Two unmistakable signs that your football season has veered awry: The program is poised to match its longest losing streak in 30 years; the coach and athletic director write a joint letter to fans addressing player misbehavior.
Welcome to Saturday’s Virginia-Wake Forest game in Charlottesville.
The Cavaliers (2-5, 0-3 ACC) have flat-lined since a 2-0 start and are one defeat away from equaling their longest skid since 1982.
The Deacons (3-3, 1-3) suspended six players before their most recent contest, a 19-14 loss to Maryland two weeks ago, and two more the following week. The discipline involved testing positive for marijuana (the first six) and possession of marijuana (the latter two), the Winston-Salem Journal reported.
So while third-year Virginia coach Mike London defends the direction of his program, 12th-year Wake coach Jim Grobe, in tandem with athletic director Ron Wellman, defends the character of his recruits. Not what either coach envisioned doing at midseason.
Yet London and Grobe understand that as CEOs making about $2 million annually, they must produce and be accountable when they don’t.
London insists that the losing streak that reached five games with Saturday’s 27-20 setback to Maryland has not curbed his enthusiasm.
“If I look at you, how devastated you are, and I don't have that positive energy, you don't see that reflected in me, then that's a bad situation for the young man,” London said at his weekly presser Monday. “So when I go in and I face you guys, the media, the questions, I don't run, I don't hide from anything.
“I'm still very humble. Still I try to give honest answers. Maybe I talk too much about the players, coaches. But I don't try to duck any issues or questions, things that go on. I try to be as up front and honest about it. I trust in the fact that as we build this thing the right way, that this program, people, our fans, administrators, will be proud.”
But fans are restless, and have every right to be, about a team prone to turnovers on offense, glaring lapses on defense and special teams, critical penalties in all phases and occasional sideline confusion. Lose Saturday, and the Cavaliers escalate that restlessness.
“It's one of those things that you have to show these young men that adversity is going to happen in life,” London said. “We've experienced our fair share of it. At the same time, on the other side, I've always said I feel we're a few inches from making a catch or making a play, tipping a ball, whatever it maybe, to start or ignite a spark.
“We always talk about the positive things. I'm always looking to the positive things, evaluate what you are, what you're doing. These 18-, 19-year-olds are looking to the leadership, seeing what type of positive influences we can provide. That's what we're supposed to do.”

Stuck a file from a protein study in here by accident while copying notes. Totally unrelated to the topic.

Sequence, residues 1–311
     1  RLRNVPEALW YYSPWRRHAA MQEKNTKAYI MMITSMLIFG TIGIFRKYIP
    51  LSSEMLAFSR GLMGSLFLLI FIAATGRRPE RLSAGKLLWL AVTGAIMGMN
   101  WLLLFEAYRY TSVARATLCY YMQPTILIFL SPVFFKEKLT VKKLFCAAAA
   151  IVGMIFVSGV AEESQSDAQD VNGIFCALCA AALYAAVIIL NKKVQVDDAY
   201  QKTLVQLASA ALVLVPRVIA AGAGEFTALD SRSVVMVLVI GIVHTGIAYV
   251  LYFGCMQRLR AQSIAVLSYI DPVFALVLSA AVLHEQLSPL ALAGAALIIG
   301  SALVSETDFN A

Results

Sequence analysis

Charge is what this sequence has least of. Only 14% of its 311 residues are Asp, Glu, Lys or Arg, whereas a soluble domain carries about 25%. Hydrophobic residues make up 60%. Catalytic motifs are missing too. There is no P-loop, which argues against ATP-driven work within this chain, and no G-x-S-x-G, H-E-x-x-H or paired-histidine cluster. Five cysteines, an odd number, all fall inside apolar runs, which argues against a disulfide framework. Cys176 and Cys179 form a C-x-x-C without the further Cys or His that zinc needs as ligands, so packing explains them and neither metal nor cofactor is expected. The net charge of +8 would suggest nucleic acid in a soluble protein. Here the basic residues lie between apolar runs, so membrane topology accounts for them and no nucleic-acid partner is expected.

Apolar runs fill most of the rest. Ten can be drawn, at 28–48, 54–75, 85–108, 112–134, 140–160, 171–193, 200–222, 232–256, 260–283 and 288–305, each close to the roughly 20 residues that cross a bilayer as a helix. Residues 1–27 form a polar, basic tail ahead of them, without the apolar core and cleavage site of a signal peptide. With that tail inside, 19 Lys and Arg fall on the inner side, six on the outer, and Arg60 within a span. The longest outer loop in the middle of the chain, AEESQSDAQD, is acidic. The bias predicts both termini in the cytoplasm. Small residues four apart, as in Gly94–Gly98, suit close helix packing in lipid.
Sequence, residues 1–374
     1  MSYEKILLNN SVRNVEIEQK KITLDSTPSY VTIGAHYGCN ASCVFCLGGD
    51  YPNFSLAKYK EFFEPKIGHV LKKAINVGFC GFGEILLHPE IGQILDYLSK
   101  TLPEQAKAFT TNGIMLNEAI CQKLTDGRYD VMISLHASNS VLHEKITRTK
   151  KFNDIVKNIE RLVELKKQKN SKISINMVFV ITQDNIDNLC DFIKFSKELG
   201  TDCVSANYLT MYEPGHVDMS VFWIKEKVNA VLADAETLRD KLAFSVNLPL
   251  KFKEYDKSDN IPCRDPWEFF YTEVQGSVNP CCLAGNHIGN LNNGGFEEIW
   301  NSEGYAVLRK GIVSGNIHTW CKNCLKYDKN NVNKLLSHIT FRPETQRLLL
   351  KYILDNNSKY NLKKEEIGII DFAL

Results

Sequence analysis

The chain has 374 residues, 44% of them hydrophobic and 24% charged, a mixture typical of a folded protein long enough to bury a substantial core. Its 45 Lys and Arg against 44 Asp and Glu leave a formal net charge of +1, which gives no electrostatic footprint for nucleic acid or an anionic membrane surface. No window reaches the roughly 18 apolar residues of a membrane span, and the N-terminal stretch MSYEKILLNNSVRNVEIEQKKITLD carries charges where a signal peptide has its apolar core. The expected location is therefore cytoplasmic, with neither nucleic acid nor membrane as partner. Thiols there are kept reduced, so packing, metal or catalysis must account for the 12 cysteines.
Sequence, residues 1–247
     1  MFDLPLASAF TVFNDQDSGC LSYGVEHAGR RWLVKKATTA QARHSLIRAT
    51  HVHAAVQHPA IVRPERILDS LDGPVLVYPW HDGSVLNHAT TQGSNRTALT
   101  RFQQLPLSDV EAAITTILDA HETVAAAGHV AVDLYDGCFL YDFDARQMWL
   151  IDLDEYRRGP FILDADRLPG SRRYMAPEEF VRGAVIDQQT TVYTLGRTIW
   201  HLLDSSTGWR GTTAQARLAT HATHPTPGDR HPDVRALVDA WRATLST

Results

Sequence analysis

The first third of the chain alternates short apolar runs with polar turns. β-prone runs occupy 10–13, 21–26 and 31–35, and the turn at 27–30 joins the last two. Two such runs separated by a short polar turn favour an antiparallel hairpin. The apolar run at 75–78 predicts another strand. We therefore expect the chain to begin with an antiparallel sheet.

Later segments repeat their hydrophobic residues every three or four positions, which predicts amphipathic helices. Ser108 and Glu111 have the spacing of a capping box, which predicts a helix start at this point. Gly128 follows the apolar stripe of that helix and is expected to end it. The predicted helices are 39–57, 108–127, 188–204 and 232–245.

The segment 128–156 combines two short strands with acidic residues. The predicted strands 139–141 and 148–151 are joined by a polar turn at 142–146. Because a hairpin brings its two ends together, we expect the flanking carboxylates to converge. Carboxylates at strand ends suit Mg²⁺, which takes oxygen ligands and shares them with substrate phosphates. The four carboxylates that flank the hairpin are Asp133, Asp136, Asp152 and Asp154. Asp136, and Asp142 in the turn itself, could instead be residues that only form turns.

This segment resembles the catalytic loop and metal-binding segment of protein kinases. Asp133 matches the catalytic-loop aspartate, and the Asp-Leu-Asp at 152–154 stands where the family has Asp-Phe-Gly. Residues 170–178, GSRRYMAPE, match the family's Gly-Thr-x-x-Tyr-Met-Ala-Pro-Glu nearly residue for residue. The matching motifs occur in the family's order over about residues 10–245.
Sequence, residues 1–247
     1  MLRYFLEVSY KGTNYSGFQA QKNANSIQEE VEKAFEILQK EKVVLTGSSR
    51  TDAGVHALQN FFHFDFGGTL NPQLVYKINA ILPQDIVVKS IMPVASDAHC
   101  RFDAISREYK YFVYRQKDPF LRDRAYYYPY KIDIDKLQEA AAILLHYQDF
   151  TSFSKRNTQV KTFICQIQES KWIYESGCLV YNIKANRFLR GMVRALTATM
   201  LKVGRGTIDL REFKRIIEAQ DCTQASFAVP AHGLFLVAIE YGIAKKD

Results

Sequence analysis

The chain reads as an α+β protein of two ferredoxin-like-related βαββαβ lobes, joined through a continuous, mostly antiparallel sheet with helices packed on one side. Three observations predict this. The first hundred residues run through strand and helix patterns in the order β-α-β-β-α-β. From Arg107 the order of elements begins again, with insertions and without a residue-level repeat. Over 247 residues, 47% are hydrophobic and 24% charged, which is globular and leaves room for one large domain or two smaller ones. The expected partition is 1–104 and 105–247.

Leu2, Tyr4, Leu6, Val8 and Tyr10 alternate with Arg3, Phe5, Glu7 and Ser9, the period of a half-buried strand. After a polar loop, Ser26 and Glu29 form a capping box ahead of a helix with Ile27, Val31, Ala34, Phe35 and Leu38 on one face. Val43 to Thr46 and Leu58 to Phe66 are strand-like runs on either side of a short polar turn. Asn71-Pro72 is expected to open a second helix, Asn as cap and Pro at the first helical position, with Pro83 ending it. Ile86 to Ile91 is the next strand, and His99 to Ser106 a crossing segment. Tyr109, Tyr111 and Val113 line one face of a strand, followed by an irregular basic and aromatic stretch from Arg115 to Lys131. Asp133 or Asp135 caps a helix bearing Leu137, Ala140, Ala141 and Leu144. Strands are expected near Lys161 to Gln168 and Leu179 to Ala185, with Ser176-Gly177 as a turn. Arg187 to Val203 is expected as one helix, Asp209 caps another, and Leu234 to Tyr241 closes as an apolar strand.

Fine sentiment that will fall on deaf ears absent results.
Given the program’s history and limitations, Wake’s five bowls and one ACC championship under Grobe, a Virginia graduate, are nothing short of remarkable. But since opening victories over Liberty and North Carolina, the Deacons have dipped this season.
Injuries, especially along the offensive line and to top-flight receiver Michael Campanaro, contributed. Against Maryland, so, too, did the suspensions. Four of the six excused from that game — cornerback Merrill Noel, linebacker Mike Olson, guard Frank Souza and safety Daniel Mack — are starters and back on the depth chart for Saturday.
Conversely, safety Duran Lowe and offensive tackle Kevin Bolling are suspended indefinitely following their arrests last week on marijuana charges.
Wake Forest is hardly alone in having a weed issue within a team. But given the small, Baptist school’s sensibilities, Grobe and Wellman, wrote their joint letter.
“Parents understand that children do make mistakes and sometimes do things that are seemingly self-centered or amazingly thoughtless,” they said. “We can assure you that we never take a young man into our program without recommendations from coaches, teachers, counselors, and school administrators. Recruiting is certainly not an exact science, and we diligently try to bring student-athletes to Wake Forest who will try their best to do what is right both on and off the field. …
“Parents are most heartbroken when their children make foolish decisions, but coaches run a close second. We are disappointed in the behavior of a few of our players but feel that our team will grow from the experience.”
The Cavaliers probably are more talented than the Deacons — London was wise to stick with Phillip Sims as this week’s starting quarterback — and should win. But given the fragile states of both, the game could well be decided between the ears.
“You know that if you don't have some of your better players on the field — whether it's by injury or other problems — that you're not going to be as good,” Grobe told the Winston-Salem Journal’s Dan Collins. “But one of the things you always worry about is the mental state of your football team. You know physically who's in and who's out and how that might affect you, but you never really have a good handle on the mental state until you get out there on Saturday and start playing.''
London would concur.
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